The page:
4.19.2011

Practice Report and More Drop Backs

Really good practices so far this week.  Mysore last night with S's sub was fantastic.  She's one of those teachers who makes you try things the hard way just for the hell of it, just to see what it takes.  I love this because I so often surprise myself when teachers push me to take it to the next level.

Last night, she saw my half assed jump into Bhujapidasana, in which I jump into Titti, then release the feet down to snuggle my knees further up my arms and THEN go for the full pose.  She told me to try jumping into Titti and crossing the ankles in one motion, then lower the head down on the exhale.  I responded dubiously, with furrowed brow, "Ok, I'll see what I can do..." And then BAM!  I did it.  One motion.  Totally amazed myself.  And then I was able to recreate the landing today.  In tiny shorts, no less!  Entering Bhujapidasana this way does cramp my style on the exit since my legs aren't quite high enough up the arms for a nice Titti to Bakasana transition, but it's a fair trade.  I can still do the proper exit.  It's just not as pretty, but I can work on jumping my legs higher up over time.

I've also been able to get into Bhekasana by myself the past few days, which is completely astonishing given the inflexibility of my knees.  Frankly, I never thought I'd be able to do this pose.  I've always practiced it one leg at a time, but lately my shoulders are opening up and my psoas are growing long and strong from all the hang backs.  I'm feeling huge shifts all the way around the pelvis since I've been practicing Ashtanga, and more specifically since the drop backs. There's more sensation, more room to move around in there somehow. 

And, speaking of drop backs, I recorded mine today.  Actually, I recorded the whole backbending sequence: 3 UDs and 5 drops and stands.  It's been one week since the last video, but I don't see much difference.  The drop backs aren't bad -- the last couple are actually pretty nice, but the standing leaves much to be desired.  I just couldn't stay rooted in the feet today.  I think I may be walking my hands in too far and trying to stand from too short of a backbend.  It's helps to shorten it up a little, but I may be overdoing it.  Seems like I'm carrying too much weight in the hands before standing, which is why I end up jogging backwards after the first couple of tries. See for yourself.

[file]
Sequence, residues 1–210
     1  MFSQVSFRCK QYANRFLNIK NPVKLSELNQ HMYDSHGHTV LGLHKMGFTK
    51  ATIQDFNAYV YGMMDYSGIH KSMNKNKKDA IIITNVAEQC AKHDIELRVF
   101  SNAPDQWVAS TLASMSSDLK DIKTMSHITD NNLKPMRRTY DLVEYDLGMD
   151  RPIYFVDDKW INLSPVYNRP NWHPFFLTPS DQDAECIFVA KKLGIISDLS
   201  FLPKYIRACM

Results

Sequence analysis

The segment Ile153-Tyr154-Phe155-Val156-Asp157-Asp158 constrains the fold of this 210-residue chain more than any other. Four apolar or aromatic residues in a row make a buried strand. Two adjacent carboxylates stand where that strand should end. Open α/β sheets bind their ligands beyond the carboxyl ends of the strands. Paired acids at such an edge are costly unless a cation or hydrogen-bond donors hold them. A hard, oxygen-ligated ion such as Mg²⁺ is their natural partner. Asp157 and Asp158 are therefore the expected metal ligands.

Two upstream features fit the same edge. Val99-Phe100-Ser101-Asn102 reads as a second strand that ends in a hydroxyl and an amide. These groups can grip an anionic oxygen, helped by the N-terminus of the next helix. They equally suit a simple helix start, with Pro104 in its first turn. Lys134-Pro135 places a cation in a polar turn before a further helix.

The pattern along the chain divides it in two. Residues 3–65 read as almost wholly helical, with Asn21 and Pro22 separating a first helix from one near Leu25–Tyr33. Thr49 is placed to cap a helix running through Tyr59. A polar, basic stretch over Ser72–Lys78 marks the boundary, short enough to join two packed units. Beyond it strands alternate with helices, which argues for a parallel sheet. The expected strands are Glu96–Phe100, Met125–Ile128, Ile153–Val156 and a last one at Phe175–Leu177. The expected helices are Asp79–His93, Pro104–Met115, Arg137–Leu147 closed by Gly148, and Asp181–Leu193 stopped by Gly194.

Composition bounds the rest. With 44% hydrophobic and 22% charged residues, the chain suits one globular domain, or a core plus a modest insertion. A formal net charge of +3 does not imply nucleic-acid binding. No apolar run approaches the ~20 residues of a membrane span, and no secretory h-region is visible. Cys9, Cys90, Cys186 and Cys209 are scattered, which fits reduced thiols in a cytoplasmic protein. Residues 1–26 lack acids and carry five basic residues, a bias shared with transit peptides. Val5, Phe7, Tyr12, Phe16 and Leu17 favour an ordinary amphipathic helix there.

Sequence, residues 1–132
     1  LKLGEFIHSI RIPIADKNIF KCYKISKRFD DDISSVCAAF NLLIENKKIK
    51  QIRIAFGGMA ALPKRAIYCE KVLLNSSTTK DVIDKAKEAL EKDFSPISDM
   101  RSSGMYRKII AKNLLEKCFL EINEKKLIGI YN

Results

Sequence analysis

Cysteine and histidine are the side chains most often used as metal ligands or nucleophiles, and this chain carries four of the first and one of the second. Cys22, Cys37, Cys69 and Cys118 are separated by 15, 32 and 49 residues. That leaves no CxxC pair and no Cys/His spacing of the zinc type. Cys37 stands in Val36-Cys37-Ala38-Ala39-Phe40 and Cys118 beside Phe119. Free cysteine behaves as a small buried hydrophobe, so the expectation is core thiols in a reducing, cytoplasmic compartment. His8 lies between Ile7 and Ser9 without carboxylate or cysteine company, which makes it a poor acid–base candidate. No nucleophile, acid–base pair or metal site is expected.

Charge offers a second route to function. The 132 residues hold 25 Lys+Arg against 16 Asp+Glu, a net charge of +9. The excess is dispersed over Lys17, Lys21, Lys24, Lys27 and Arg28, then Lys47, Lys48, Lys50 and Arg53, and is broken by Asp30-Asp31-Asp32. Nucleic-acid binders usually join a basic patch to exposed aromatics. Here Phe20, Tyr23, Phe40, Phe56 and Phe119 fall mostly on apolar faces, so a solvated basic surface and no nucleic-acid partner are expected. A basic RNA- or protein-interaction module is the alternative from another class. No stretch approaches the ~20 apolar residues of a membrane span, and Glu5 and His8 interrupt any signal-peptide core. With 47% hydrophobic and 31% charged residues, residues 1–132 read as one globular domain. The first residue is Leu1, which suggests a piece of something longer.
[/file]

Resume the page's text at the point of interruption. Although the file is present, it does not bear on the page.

Tips?  Tricks?  Ancient wisdom?  What's the deal with the backtracking as I stand?  S's sub instructed me yesterday to keep the head back, to really roll up the spine from tailbone to head.  I'm not doing so great a job of it here.  It makes me a little uncomfortable to keep the head back as I try to come up, but when I practiced with her yesterday, it did seem to slow the whole process and make the stand ups really smooth and nice.  I'd really like to cut back on the rocking and start standing with more control.

14 comments:

  1. I think you'll get it. It takes time.
    Take a look at your pelvis when you are coming up. It seems like you pull back and lose your balance. My experience: its all fear. I think you are doing fine though.

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  2. Thanks, Anon. I think you're right that a big part of the reason I start to tip back is fear. Gotta keep that pelvis moving forward. Much of the time, if I botch the first stand up attempt, then the stand ups to follow are usually botched as well. On the other hand, if the first one is good, then rest are usually nice and smooth.

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  3. Beautiful UD, you do it so nicely, I like how totally straigthen the arms on the last one and come full over them, very nice... You are inspiring me, I am a couple of steps behind you....

    As per bhujapidasana WOW! Congratulations!!! Well done! must feel sooo good to finally jump into it from the air

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  4. Thanks, Claudia. I like to press the heart forward especially much in that last UD to open up my shoulders in preparation for the drop backs.

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  5. Your standing up definitely improved as you did more, so I think that they'll just keep doing that with practice. Disclaimer: I am not practicing these right now because my lower back is still messed up from non-yoga related injury. However, from when I was practicing and enjoying them regularly, here is what helped me with the stand up part (I did my fair share of back-pedaling too) rock up onto the tips of your fingers but stay in Urdhva for a moment--with only your finger tips on the ground. I think that if you can be in a back bend like that, that means that more of your weight is in your feet, making it easier to stand up. Then, give another small rock and stand up--you'd be surprised, you may not even need the rock at that point.